2011: A Season To Remember (and Forget)

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Before every spring season, turkey hunters have a picture in their minds of what they feel like their season will unfold.  Most turkey hunters are naturally optimistic, and being an optimist is undoubtedly a favorable trait to possess in the spring woods.

However, even the most pessimistic turkey hunter who predicts strings of silent mornings and heavy fog could not have seen the events of last year unfolding.  The spring of 2011 was considered by many to be one of the worst turkey seasons in recent history.  Heavy rain, inconsistent periods of “good weather,” and educated turkeys seemed to be common denominators from everyone the Wild Turkey Report staff talked to.  From Georgia to Kansas and all places in between, everyone was “singing the blues,” and some excellent turkey hunters who normally fill their tags with ease were forced to eat Butterballs instead of the real thing.

Late April and early May brought horrific severe weather outbreaks that killed hundreds and left entire towns across the southeast and Midwest in shambles.  With the loss of life and property, it reminded us all of how blessed we were to be able to have our lives and loved ones spared.  A poor spring turkey season paled in comparison to those tragic events.  Our thoughts and prayers continue to be with the victims and their families who will come upon the one year anniversary in a few short months.

At this years’ NWTF Convention, the Wild Turkey Report staff was able to ask several pros about their 2011 seasons, and why they felt the season went so poorly.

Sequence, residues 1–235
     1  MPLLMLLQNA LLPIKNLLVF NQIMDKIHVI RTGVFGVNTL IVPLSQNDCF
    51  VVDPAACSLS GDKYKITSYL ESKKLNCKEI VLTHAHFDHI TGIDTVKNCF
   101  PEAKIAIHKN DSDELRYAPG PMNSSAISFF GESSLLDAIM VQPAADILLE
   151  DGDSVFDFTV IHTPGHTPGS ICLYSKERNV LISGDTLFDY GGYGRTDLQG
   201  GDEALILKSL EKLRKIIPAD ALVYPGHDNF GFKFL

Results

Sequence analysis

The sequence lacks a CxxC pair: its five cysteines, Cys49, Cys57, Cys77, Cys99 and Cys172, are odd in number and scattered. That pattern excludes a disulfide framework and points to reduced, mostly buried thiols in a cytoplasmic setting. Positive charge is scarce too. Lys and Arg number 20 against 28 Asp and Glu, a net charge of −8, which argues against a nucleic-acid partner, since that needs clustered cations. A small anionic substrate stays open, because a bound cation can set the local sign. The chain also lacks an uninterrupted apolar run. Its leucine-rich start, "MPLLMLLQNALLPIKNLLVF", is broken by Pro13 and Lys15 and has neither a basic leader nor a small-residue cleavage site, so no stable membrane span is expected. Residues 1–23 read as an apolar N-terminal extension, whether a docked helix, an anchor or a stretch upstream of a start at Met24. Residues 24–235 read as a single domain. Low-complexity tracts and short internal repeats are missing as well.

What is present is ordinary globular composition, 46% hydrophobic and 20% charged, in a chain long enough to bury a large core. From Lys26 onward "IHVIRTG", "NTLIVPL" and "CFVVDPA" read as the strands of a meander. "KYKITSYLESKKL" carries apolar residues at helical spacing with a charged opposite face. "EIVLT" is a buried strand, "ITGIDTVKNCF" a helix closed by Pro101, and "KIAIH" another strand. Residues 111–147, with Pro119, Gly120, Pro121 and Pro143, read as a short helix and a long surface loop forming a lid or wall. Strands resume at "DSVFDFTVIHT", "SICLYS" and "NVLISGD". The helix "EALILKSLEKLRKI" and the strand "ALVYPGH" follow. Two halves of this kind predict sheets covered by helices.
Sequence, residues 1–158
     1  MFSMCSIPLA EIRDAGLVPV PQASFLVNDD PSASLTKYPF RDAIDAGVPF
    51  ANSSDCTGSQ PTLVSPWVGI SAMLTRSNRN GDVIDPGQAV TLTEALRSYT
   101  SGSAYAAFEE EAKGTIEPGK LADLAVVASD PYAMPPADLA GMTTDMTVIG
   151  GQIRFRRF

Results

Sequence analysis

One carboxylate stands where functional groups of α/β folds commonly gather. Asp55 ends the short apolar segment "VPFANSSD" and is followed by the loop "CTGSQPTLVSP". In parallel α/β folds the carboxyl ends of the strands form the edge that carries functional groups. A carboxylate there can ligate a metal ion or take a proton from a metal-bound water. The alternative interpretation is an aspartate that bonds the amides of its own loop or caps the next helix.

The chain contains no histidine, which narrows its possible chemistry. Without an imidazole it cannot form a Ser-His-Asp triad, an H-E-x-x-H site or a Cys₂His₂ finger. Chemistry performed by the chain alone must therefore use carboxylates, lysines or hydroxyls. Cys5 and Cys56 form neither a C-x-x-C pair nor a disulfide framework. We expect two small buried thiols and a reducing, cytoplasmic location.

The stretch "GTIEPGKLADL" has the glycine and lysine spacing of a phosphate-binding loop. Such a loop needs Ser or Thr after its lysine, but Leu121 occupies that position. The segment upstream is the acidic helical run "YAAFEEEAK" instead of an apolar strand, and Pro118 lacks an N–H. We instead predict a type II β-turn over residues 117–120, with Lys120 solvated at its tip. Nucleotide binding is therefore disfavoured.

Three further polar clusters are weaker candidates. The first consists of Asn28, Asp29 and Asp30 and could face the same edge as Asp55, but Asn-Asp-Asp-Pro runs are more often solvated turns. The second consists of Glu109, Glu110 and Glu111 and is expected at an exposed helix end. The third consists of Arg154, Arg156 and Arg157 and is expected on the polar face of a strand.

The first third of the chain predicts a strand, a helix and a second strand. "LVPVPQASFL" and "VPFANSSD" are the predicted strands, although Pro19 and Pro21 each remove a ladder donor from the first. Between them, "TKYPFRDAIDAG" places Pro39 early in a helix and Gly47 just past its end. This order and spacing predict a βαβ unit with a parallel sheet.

Larry Shockey, 8x World Champion Two-Man Caller and 3x Grand National Two-Man Calling Champion, Willow Springs, Missouri
States Hunted in 2011: Alabama, Arkansas, Kansas, Missouri, Nebraska, and Tennessee
Remarks on 2011: “The thing I took away from 2011 was that many of the places that typically held turkeys in years past did not.  We had to focus more on “getting to know” the turkeys than we have in years past because they’d be in different areas than where we normally hunted them.  Kansas and Nebraska were productive, as they usually are, but the other states we hunted required us to work a little harder than we usually did to kill birds.”

Josh Grossenbacher, Champion Caller and Turkey Products Manager for Zink Calls, Port Clinton, Ohio
States hunted in 2011: Kansas, Kentucky, Michigan, New York, Ohio, Pennsylvania, and Ontario
Remarks on 2011: “It was a very weird year for the Zink Calls crew, and the inclement weather was a big factor.  Everywhere we went, the gobblers were really grouped up, even on up into the middle and latter part of the season, so we never really encountered solo gobblers. Because of this, our Avian X jake decoy really earned its stripes in dealing with these bunched up gobblers.  Overall, it was a tough year, but we somehow prospered and killed some birds.”

Harold Knight, Legendary turkey hunter, Cadiz, Kentucky
Remarks on 2011: “2011 was just an average year for us.  We usually start in the south, and last year we started in Alabama.  We typically see that whatever trend we find down south follows up back north to Tennessee and Kentucky.  We had some cold weather in Kentucky.  We had some mornings that we got colder than we did during goose season.  With the cold weather a factor, it made it a very tough season, especially early on.”

Billy Yargus, Grand National Calling Champion, Ewing, Missouri
Remarks on 2011: “2011 was a tough year because one morning the turkeys would respond to calls effectively and the next they would fly down and head the other way.  One thing I think we had to focus on more in 2011 was identifying what type of turkey we were hunting.  What I mean by that is if you are hunting a dominant turkey or a group of subdominant or younger birds, you have to approach each type differently and call to each in a specific way.”

Larry Norton, World Champion Caller, Pennington, Alabama
Remarks on 2011: “2011 was a rough year.  Our weather (in Alabama) was so inconsistent that turkeys never really got into a groove.  Turkeys, like whitetails, need stretches of good weather to get on a roll.  The weather in 2011 was as bad as I can remember.  One day it would be windy, the next there would be rain, and the next fog.  There were not many bluebird days in 2011.”
Author:
Wild Turkey Report Staff
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